Battelle turns research into projects for steady growth
The company isn't just a think tank
- By Tania Anderson
- Jun 04, 2009
If there’s anything to learn from Battelle Memorial Institute’s success, it is that lots of small and midsize wins will keep the boat afloat and charging forward, even in a challenging economy.
That’s exactly what has helped Battelle bring in $1.3 billion in federal information technology contracts in fiscal 2008 and put the company at No. 21 on the 2009 Top 100. Overall, Battelle is a $4.6 billion nonprofit that spins laboratory innovations into commercial applications, funds technology transfer efforts and manages nine research labs around the country.
“If you look inside our business portfolio, there’s no big gargantuan program that would put Battelle at risk if it went away,” said Steve Kelly, president of Battelle’s national security global business.
Some of the company’s milestones during the past year included the arrival of a new leader, Jeffrey Wadsworth, who became president and chief executive officer after the retirement of Carl Kohrt. But Wadsworth is no stranger to the company, having most recently served as vice president of its global laboratory operations. He joined Battelle in 2002 and has been credited with rapidly growing the Oak Ridge National Laboratory, where researchers focus on neutron science, nanoscience and high-performance computing. He’s now the eighth leader in Battelle’s 80-year history.
Another significant milestone for Battelle in 2008 was the award of an Air Force contract that has a potential value of $3 billion. The company will provide architect-engineering services for environmental, military construction, military family housing and facility sustainment, restoration, and modernization projects at Air Force and other military installations throughout the United States.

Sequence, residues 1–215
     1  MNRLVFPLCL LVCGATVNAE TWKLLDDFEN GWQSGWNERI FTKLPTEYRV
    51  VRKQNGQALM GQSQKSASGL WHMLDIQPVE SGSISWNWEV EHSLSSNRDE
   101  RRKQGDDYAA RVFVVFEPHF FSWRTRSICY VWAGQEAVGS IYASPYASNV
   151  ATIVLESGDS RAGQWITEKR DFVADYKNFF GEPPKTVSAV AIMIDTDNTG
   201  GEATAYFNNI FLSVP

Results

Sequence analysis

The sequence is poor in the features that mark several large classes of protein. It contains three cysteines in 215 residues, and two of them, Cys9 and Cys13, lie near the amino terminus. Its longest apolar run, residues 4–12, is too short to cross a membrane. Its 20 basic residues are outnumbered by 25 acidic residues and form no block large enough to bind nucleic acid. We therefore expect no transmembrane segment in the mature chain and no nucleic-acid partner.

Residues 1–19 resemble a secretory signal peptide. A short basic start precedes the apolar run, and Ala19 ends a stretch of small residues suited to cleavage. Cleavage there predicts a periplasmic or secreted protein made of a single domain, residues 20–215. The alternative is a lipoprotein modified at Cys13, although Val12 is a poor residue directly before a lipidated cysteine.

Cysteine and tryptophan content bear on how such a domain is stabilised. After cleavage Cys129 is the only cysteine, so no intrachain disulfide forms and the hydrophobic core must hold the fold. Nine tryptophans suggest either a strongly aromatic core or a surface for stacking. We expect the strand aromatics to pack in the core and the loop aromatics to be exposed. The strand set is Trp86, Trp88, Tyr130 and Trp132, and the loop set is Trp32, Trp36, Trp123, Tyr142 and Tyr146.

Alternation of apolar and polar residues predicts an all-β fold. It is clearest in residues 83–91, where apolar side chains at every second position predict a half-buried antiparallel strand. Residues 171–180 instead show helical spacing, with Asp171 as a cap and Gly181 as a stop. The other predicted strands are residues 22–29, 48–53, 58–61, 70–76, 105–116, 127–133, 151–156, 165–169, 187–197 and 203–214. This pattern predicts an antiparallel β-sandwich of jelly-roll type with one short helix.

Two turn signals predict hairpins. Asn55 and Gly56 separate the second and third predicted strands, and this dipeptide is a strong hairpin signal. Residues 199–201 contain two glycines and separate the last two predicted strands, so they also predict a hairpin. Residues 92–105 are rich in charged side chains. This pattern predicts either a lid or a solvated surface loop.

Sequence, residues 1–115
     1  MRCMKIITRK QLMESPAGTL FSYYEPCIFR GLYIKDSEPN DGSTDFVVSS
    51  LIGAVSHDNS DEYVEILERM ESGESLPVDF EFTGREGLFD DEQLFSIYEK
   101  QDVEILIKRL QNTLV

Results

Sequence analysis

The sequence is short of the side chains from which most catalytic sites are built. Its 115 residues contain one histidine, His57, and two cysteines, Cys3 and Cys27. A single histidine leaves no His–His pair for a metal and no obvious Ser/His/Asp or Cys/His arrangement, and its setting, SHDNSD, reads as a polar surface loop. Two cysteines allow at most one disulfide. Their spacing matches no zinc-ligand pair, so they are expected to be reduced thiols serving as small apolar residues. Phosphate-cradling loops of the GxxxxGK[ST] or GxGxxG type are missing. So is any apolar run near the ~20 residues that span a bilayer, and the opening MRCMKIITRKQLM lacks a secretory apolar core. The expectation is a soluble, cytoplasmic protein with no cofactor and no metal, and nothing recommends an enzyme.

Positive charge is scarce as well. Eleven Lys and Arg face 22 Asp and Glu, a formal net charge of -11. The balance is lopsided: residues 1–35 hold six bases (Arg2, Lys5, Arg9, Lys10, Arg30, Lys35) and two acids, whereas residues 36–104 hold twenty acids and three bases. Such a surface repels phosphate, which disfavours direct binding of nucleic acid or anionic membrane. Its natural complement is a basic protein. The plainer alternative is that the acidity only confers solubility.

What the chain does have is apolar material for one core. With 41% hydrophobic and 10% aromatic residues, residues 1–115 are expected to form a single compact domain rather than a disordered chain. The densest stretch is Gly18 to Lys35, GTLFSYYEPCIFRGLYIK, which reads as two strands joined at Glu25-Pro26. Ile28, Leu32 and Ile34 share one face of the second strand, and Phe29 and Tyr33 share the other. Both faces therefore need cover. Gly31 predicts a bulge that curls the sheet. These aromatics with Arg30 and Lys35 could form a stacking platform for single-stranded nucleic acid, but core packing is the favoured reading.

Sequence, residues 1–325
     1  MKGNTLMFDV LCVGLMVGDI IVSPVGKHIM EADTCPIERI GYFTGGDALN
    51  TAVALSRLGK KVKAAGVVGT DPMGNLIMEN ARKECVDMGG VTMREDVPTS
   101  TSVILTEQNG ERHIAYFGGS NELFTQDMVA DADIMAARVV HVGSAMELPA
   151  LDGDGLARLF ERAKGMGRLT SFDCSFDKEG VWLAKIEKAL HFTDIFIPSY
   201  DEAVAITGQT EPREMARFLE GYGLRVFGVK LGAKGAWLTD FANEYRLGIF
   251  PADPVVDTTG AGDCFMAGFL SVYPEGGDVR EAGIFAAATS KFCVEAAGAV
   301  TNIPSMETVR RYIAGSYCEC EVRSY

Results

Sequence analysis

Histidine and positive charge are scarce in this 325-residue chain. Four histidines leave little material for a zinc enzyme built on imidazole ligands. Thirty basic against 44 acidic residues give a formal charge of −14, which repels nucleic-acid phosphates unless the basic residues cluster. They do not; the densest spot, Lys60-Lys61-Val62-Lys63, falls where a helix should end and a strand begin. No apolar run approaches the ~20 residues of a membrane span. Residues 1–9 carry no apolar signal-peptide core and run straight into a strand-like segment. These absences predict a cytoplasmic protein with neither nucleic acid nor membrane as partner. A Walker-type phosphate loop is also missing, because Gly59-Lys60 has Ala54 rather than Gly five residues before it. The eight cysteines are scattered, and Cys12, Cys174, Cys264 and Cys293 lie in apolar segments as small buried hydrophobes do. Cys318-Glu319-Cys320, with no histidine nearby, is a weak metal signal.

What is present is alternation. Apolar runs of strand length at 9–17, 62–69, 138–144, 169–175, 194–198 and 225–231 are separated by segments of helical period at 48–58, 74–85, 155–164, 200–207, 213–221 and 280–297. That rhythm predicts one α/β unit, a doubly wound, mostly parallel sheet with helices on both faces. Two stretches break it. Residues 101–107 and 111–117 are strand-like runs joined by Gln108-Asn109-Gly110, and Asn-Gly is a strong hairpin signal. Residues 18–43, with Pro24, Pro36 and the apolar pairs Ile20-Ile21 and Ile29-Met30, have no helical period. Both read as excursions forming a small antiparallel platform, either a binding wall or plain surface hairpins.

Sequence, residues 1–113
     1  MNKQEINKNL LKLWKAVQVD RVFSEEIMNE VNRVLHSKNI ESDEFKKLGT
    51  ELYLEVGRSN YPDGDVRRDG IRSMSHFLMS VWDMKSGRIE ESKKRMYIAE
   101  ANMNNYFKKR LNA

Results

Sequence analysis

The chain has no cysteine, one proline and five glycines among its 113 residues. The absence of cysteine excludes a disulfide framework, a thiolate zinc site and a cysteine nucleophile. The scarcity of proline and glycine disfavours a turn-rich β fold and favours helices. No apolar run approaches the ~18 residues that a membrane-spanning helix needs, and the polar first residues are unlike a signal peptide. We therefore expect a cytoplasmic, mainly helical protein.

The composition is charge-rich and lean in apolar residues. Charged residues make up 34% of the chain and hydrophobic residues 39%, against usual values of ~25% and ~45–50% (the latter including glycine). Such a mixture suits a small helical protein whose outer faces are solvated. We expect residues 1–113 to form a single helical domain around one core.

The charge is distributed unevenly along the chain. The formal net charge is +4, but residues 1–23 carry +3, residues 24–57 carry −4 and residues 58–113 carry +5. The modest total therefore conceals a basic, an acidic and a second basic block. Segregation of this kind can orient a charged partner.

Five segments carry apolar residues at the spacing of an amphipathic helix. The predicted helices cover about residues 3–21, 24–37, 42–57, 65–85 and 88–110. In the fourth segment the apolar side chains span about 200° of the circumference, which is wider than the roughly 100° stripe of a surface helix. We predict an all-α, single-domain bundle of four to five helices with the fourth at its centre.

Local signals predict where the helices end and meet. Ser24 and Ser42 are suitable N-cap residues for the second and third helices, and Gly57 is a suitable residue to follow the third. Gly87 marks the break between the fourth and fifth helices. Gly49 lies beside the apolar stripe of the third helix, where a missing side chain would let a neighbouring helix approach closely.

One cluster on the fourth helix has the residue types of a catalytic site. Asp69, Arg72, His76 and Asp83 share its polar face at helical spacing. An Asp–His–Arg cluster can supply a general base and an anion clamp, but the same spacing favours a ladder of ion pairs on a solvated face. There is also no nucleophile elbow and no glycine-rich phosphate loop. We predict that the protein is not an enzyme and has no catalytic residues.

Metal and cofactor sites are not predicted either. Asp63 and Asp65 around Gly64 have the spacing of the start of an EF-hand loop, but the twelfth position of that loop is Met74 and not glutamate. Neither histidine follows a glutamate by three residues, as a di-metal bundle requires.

Much of Battelle’s work in 2008 also involved laboratory research, including the development of a new instrument to understand and predict climate change. The tool will measure the partial pressure of carbon dioxide in the ocean and atmosphere, which will help scientists understand the global ocean uptake of atmospheric carbon dioxide.
Battelle is also working on creating an underwater sensor array that scans all ships as they enter U.S. harbors. The Harbor Shield system scans the bellies of ships entering harbors for weapons of mass destruction, mines, bundles of illegal drugs and other potential hazards.
One of the biggest pieces of Battelle’s business is its energy lab management work. The company manages nine labs primarily for the Energy Department and the Homeland Security Department, including Brookhaven National Laboratory in Upton, N.Y., and Oak Ridge in Tennessee. Battelle is also part of a team that won management of DOE’s National Renewable Energy Laboratory in Golden, Colo., last year.
The company has also managed labs for industry groups, too, including several in Korea, Malaysia, the United Kingdom and Japan. The company has been increasingly expanding its international presence, opening an office last July in Pune, India, to focus on advanced materials research and developing water-related technologies. A dwindling number of DOE labs to manage and a low priority placed on Defense Department labs have forced the company to turn to the international market.
“In terms of the growth sectors in that part of the business, Asia is one of the areas where we see opportunities,” said Don McConnell, senior vice president of Battelle’s energy technology global business.
Battelle executives also see a future in health care and life sciences, supporting Health and Human Services Department programs and the medical device community.
“We’re not just a think tank,” Kelly said. “We do a lot of thinking, but we make sure our ideas get implemented.”